Big Oil Wins Big on Taxes

Big OilToday is Tax Day. While many Americans will receive a modest refund, oil producers are raking in the big bucks, $4 billion to $6 billion, through tax incentives dating back more than 100 years. Today, the Renewable Fuels Association (RFA) is pointing out that many of these century-old tax provisions never expire while the ethanol industry agreed to let its incentive expire in 2011.

The Joint Committee on Taxation recently estimated that elimination of certain “fossil fuel preferences” (i.e., subsidies) would save U.S. taxpayers at least $24.5 billion — or roughly $210 per U.S. household — between 2015 and 2020.

“Big Oil needing any government assistance is preposterous,” said Renewable Fuels Association President and CEO Bob Dinneen. “Why would an incumbent industry that has a virtual monopoly at the pump need taxpayer dollars to compete?”

“On this tax day, Congress should seriously consider repealing this absurd and costly corporate welfare,” continued Dinneen. “Consumers will benefit when there is a truly free market in motor fuel, when alternatives like ethanol have access to the pump, when a variety of biofuel blends (E15, E25, E85) are accessible to consumers and when taxpayers no longer have to subsidize the most profitable industry on the planet. Until then, programs like the Renewable Fuel Standard are all we have to compel some level of competition and cost-control on an otherwise broken and unfair market.”

Political Strategist Speaks to #ACE16DC

ace16dc-tewesAs we all know in this contentious presidential campaign, most candidates spend at least as much time attacking their opponents as they do talking about their own good qualities and experience. That is a strategy that the ethanol industry should employ more often, according to an experienced political strategist.

Paul Tewes of the Smoot Tewes Group (STG) has 20 years experience as a political operative and he believes that in the ethanol public relations battle, there is a clear villain on the other side. “We’re only going to win if we always make it a contrast with oil,” said Tewes, speaking to members of the American Coalition for Ethanol (ACE) meeting in Washington DC this week. “We always have to continue to stress our positives because there are so many of them but we have to contrast that with the negative facts about the oil industry.”

Listen to an interview with Tewes here: Interview with Paul Tewes, Smoot Tewes Group

ACE 2016 DC Fly-in Photo Album

E15 Fuels More Than 150 Million Miles

According to Growth Energy, a major E15 milestone has been reached – drivers have driven more than 150 million miles using E15. The data came from gasoline retailers who work with Growth Energy who also said there have been no negative effects. Several retailers who offer E15 include Sheetz, Kum & Go, MAPCO, Minnoco, Murphy USA and Protec.

E15 at the pump“I have been using E15 for the last three years at Minnoco and have noticed no mileage loss, better engine performance and great savings at the pump,” said Mark Foudray, an E15 consumer from Shakopee, Minnesota.

Steve Anderson, an AAA approved and ASE certified service consultant and owner/operator of Marshall Cretin Minnoco from St. Paul, Minnesota, said of E15, “We have a loyal following for the E15 product. Approaching 1,000,000 gallons pumped we have nothing but positive results. E15 has higher octane and burns cleaner —the interior of the engines are cleaner and the tailpipe makes more air, and less pollution. E15 has been widely tested and is safe for all vehicles model year 2001 and newer. We see over 50 percent of our customers purchasing E15 on a daily basis. The statistics don’t lie. It is a great product and we are pleased to offer it as a choice to our fueling customers.”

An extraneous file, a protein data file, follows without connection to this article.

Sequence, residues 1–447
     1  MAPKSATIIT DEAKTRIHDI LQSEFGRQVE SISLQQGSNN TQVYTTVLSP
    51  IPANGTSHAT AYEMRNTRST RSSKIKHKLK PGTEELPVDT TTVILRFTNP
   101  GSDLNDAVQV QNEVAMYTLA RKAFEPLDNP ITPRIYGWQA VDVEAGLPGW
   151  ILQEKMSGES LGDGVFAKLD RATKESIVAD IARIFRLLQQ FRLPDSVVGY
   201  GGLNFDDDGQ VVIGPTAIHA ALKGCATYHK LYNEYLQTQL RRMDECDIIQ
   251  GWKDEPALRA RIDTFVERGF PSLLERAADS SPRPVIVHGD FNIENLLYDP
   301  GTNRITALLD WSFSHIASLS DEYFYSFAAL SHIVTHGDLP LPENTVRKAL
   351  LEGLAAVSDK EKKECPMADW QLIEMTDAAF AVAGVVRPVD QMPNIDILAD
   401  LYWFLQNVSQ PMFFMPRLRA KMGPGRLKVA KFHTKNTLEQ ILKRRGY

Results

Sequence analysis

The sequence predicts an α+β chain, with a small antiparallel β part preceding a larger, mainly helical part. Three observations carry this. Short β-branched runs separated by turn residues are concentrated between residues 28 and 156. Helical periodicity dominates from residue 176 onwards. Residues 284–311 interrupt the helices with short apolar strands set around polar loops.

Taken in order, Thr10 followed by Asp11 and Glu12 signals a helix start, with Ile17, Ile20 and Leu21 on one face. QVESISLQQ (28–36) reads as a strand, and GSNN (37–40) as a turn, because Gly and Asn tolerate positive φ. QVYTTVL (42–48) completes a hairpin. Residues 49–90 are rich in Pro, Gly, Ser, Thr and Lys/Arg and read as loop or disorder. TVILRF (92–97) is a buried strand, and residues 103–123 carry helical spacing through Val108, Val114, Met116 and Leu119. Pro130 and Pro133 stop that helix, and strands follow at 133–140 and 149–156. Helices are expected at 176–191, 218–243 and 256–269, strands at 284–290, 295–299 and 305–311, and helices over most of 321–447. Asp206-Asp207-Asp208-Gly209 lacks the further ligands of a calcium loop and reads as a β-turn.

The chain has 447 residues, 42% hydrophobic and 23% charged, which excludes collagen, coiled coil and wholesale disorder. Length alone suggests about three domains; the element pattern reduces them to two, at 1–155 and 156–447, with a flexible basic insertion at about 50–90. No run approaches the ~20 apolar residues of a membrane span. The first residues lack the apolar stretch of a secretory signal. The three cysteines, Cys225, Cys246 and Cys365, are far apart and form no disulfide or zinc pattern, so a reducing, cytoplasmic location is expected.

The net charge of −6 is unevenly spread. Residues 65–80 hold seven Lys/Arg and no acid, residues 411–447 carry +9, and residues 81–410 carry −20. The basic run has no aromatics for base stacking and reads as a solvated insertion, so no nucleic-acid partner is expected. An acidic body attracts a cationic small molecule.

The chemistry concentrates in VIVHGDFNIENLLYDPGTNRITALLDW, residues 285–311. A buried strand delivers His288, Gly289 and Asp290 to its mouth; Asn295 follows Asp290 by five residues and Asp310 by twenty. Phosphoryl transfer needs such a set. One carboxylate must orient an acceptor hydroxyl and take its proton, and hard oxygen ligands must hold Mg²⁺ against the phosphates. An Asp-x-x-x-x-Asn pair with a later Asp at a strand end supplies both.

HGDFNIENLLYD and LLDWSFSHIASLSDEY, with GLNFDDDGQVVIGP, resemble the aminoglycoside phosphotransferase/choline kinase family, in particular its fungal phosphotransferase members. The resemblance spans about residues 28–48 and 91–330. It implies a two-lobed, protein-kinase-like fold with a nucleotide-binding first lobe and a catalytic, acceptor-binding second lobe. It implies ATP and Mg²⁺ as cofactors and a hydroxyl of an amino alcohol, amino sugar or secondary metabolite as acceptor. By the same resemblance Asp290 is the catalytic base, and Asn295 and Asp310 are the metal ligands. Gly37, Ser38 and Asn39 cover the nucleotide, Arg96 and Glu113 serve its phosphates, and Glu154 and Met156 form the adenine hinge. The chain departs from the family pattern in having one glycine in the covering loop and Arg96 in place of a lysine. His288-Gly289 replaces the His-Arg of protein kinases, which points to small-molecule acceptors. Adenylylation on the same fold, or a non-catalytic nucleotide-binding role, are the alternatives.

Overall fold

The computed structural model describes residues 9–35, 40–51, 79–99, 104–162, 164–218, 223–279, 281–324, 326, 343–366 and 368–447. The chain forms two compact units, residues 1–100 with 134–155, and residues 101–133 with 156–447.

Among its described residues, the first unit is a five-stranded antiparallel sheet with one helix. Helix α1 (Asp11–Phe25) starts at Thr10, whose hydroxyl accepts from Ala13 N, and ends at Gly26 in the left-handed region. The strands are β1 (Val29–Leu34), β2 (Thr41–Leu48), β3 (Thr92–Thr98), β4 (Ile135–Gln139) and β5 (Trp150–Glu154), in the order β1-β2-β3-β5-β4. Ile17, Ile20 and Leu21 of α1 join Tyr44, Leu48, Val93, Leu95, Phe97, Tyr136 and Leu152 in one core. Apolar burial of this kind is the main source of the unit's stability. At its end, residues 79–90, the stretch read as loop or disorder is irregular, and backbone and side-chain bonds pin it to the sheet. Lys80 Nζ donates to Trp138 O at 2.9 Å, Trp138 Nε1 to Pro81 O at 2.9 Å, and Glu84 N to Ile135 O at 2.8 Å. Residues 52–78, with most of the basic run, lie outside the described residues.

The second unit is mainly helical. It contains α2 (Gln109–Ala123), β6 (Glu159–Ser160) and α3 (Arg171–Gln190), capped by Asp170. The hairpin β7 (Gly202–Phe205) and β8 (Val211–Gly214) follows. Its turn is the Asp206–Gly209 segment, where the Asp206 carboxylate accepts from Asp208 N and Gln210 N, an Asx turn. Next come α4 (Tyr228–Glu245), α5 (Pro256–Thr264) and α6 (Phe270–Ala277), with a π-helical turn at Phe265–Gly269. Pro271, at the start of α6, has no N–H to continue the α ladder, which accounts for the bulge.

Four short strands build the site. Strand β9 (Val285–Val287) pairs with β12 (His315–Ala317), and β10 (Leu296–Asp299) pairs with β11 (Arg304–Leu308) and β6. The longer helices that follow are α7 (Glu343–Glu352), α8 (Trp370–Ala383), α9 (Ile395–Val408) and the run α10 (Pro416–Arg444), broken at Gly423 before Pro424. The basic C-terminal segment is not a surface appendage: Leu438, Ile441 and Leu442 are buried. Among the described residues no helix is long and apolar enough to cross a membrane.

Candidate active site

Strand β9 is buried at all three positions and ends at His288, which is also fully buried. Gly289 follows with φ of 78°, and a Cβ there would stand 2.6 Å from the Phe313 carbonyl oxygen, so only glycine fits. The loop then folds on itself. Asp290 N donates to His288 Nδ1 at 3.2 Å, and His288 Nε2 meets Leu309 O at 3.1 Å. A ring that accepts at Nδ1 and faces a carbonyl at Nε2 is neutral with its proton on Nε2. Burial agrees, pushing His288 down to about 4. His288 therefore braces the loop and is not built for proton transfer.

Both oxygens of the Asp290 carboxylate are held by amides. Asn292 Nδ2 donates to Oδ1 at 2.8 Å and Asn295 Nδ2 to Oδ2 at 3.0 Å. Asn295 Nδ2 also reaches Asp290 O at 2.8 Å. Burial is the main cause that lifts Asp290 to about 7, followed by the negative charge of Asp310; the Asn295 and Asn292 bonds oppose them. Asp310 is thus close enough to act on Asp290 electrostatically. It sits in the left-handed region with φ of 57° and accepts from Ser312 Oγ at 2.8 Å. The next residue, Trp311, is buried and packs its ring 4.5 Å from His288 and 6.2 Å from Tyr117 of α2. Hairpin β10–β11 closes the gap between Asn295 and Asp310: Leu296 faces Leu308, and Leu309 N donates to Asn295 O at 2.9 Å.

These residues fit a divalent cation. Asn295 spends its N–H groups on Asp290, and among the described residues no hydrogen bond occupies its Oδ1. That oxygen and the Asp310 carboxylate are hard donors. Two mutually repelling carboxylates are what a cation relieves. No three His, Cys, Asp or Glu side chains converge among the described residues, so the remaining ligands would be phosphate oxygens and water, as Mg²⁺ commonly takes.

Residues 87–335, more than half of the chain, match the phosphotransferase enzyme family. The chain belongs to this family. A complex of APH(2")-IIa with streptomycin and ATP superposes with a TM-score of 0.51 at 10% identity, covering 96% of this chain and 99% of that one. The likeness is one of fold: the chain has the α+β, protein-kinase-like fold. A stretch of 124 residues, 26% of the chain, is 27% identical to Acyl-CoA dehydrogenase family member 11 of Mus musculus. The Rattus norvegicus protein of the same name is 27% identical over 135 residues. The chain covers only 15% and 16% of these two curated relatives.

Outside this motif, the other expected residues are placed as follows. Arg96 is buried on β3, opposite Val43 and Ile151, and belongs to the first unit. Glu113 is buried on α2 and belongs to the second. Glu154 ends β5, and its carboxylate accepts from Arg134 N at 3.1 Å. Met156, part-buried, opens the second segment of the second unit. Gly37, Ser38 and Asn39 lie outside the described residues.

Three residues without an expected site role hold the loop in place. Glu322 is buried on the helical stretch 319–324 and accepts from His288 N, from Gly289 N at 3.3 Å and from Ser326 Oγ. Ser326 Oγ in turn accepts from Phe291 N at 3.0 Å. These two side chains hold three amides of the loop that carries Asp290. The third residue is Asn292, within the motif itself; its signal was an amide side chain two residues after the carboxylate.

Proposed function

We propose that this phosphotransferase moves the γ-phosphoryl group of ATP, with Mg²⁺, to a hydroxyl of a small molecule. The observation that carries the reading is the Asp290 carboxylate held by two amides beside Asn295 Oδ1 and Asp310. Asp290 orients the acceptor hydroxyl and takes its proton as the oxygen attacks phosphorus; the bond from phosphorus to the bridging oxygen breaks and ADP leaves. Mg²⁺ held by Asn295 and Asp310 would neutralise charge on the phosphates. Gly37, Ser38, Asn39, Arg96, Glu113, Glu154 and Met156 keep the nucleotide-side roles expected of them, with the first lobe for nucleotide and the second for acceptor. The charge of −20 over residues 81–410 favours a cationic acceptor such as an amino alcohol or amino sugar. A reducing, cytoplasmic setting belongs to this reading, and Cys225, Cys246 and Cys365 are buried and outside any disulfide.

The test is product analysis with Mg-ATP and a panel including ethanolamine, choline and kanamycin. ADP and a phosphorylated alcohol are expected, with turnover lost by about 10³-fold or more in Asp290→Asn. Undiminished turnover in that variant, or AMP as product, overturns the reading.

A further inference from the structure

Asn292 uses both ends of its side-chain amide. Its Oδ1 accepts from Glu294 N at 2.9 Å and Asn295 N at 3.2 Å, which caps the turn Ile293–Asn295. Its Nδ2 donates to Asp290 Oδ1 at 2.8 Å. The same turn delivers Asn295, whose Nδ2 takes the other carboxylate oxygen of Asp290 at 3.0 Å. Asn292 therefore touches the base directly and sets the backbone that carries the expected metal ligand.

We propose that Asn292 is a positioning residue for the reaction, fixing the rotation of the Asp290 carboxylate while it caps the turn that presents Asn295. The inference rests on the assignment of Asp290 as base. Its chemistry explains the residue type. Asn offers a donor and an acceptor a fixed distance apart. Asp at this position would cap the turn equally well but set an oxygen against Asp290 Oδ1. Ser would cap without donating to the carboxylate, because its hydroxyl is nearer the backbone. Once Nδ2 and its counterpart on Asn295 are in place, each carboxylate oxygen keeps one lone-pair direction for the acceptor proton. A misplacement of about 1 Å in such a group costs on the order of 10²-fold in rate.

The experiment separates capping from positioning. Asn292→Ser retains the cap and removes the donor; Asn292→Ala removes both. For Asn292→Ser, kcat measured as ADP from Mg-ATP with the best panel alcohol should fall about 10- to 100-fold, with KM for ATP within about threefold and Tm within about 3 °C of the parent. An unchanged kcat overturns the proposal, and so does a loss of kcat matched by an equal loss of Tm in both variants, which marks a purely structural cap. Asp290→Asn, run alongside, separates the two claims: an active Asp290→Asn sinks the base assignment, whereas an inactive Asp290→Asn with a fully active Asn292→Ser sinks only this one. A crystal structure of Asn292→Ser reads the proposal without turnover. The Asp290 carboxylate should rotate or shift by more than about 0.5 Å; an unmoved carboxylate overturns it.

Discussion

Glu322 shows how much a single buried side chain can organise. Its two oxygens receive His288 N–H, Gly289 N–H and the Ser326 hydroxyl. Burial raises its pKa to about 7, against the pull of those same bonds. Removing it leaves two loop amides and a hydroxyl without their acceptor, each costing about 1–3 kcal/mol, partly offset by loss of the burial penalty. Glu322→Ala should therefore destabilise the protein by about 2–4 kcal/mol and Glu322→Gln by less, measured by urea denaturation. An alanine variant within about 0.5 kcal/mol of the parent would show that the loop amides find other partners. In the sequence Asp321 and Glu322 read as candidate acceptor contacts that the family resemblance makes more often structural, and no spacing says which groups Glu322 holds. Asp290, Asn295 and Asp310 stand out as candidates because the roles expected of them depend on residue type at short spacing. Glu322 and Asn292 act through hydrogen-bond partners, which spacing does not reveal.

Joel Hennen, a third generation owner/operator of Hennen’s Auto Service from Shakopee, Minnesota who also sells E15 said, “I have been selling E15 to our customers since the fall of 2013. Since I introduced it, there has not been one complaint due to mileage loss or engine performance. I hear only positive comments with drivability and the lower cost at the pump. Today’s cars are designed to utilize the higher octane to improve performance through different computer management systems. I see higher-level blends of ethanol, like E15, being the next fuel of future.”

IRFA Testifies at Senate Ag Subcommittee Hearing

irfa-shaw-hearingIowa Renewable Fuels Association (IRFA) Executive Director Monte Shaw recently testified before the Senate Agriculture Subcommittee on Rural Development and Energy. The hearing focused on USDA Rural Development Programs and their economic impact across the country. Shaw said during his testimony that properly supporting renewable fuels programs are vital to the well-being of rural America.

“I think it can be fairly stated that no other effort to improve rural economies made the impact that renewable fuels did,” Shaw testified. “Then, in late 2013, the Obama Administration proposed Renewable Fuel Standard levels far below statutory levels. The economic fallout was predictable and painful. The last two years have seen a dramatic downturn in the health of rural America. Corn prices plummeted, land values fell, farm income plunged, and agribusinesses laid off workers by the thousands.”

Shaw highlighted several Energy Title programs under the Farm Bill, including the Bioenergy Program for Advanced Biofuels, the Renewable Energy for America Program and others, that have provided strong returns on investment. “However, the effectiveness of these programs is reduced by a lack of consistent and timely funding.”